A recent California case provides a real dichotomy in logic vs doctrine. A mother and her husband agree that after the birth of their second child, they did not want any more children. The mother is to give birth in a Catholic Hospital and the Hospital will not perform a tubal ligation which would prevent future pregnancies because it violates church doctrine. If this is allowed to stand, the mother will have to drive 150 miles to another hospital to have this procedure. Is this right? Which of the competing interests is number one here? Is it the patient and her husband’s rights? Is it the church because it is their hospital? Is it the insurance company who is paying or may pay the medical procedure? Should patients/families have the right to get health care without having to worry about religion at the health care facility?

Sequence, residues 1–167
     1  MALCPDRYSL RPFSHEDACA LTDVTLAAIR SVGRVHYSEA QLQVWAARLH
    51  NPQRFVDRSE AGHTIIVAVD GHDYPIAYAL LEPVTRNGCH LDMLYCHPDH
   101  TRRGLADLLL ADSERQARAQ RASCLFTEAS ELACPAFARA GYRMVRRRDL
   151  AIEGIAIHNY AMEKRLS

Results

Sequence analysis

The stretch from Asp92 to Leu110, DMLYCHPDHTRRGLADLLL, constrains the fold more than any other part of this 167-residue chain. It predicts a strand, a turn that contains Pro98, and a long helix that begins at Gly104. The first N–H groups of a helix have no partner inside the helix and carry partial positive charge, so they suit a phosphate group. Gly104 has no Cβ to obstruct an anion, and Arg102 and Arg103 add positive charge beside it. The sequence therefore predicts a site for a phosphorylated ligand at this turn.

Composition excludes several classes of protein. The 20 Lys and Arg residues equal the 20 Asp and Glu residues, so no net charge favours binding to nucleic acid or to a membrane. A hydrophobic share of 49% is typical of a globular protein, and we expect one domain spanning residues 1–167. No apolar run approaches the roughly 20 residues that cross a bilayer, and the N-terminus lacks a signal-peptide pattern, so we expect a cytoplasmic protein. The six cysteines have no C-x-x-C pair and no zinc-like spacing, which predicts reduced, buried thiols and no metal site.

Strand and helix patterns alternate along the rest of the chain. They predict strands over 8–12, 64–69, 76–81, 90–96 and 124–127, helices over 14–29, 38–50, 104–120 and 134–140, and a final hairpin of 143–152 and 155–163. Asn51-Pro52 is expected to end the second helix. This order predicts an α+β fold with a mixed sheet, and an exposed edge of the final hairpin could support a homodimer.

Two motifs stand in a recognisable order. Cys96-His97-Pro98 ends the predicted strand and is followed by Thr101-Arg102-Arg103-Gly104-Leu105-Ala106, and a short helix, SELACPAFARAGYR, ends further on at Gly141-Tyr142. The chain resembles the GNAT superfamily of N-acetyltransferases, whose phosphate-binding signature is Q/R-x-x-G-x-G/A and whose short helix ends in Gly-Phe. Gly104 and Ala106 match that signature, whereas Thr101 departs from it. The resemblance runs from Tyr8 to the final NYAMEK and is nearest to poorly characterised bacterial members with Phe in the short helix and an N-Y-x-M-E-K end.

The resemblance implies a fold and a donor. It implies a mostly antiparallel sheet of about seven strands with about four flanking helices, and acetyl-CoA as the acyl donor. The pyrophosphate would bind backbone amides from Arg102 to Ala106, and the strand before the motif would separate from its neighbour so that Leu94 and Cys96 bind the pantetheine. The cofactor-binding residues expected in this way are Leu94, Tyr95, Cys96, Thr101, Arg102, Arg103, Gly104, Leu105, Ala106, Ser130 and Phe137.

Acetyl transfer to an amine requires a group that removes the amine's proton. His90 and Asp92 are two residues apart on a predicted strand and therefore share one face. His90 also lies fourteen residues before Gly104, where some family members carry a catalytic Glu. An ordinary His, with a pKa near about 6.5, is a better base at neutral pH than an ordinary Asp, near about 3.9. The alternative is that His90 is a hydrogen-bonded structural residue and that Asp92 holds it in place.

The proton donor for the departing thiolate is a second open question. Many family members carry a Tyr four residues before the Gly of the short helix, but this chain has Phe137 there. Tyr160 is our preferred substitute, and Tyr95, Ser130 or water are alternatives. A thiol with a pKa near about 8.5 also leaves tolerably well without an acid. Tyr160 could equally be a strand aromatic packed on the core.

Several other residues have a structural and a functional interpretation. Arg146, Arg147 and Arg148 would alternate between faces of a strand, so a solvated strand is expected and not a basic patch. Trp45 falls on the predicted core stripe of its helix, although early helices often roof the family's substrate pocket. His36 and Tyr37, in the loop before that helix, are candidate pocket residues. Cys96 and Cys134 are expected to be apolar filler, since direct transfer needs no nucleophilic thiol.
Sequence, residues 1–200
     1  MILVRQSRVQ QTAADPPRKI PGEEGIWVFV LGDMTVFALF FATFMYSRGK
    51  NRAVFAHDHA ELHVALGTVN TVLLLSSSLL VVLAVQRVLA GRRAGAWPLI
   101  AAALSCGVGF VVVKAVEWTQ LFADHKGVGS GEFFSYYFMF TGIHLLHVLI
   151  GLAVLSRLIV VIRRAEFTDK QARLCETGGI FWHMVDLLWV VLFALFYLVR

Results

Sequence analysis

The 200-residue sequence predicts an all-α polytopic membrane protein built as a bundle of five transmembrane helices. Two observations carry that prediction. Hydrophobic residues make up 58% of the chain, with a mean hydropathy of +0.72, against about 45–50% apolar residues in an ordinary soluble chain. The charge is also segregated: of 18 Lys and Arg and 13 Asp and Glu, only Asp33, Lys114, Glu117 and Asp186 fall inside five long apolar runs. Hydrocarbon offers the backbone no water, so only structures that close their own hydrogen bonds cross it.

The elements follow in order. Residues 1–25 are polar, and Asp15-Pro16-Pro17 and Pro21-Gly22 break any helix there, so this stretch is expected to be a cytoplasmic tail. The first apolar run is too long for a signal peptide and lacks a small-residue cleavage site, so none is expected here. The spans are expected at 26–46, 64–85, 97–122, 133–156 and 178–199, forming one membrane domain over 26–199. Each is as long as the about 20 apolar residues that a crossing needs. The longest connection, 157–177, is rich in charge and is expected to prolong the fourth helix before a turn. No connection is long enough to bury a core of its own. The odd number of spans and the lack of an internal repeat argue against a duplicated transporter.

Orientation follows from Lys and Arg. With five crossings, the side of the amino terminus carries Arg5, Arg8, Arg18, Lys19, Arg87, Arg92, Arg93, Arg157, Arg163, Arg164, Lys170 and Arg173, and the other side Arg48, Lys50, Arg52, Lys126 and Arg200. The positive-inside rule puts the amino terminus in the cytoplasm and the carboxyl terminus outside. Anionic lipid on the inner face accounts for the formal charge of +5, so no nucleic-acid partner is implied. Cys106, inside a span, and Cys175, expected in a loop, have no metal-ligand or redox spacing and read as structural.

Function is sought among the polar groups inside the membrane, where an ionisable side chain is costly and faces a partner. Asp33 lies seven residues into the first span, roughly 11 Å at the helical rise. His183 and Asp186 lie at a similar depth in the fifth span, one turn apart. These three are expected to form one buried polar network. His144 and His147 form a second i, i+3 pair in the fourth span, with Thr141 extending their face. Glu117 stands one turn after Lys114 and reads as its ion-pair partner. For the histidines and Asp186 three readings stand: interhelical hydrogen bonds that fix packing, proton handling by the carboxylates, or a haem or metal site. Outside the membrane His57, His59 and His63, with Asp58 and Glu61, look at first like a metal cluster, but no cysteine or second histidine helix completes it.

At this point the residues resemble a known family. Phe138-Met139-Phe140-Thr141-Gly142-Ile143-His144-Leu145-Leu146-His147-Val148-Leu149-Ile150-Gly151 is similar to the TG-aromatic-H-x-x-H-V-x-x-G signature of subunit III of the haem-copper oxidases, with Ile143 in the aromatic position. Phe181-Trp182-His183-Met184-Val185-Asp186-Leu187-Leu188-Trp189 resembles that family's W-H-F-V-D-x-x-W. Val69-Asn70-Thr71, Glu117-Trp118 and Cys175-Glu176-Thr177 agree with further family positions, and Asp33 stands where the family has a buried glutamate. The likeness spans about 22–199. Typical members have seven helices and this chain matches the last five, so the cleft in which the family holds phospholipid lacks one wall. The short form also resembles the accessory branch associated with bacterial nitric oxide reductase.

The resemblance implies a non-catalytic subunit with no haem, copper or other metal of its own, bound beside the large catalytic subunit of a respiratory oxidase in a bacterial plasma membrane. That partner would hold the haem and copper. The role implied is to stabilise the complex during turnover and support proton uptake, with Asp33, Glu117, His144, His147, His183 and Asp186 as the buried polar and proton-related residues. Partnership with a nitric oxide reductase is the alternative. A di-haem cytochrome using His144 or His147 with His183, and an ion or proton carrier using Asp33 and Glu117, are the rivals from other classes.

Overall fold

On a related note, a court clerk in Kentucky will not perform same sex marriages because this would offend her religious beliefs and would cause a “searing” injury to her beliefs. How can the simple ministerial task of issuing a license have this type of effect on a person? If it does have this effect, can’t the clerk just pass this task onto someone in the office who would not suffer from this “injury”? Can clerks dictate policy when the Supreme Court has already sanctioned same sex marriages? Will the city, county or state be sued if they condone this action by one of their employees? Should the employee suffer personal liability and free the government from responsibility? Is not the exercise of religion a personal one that should be conducted personally and should not interfere with the exercise of others legal rights?

What say you?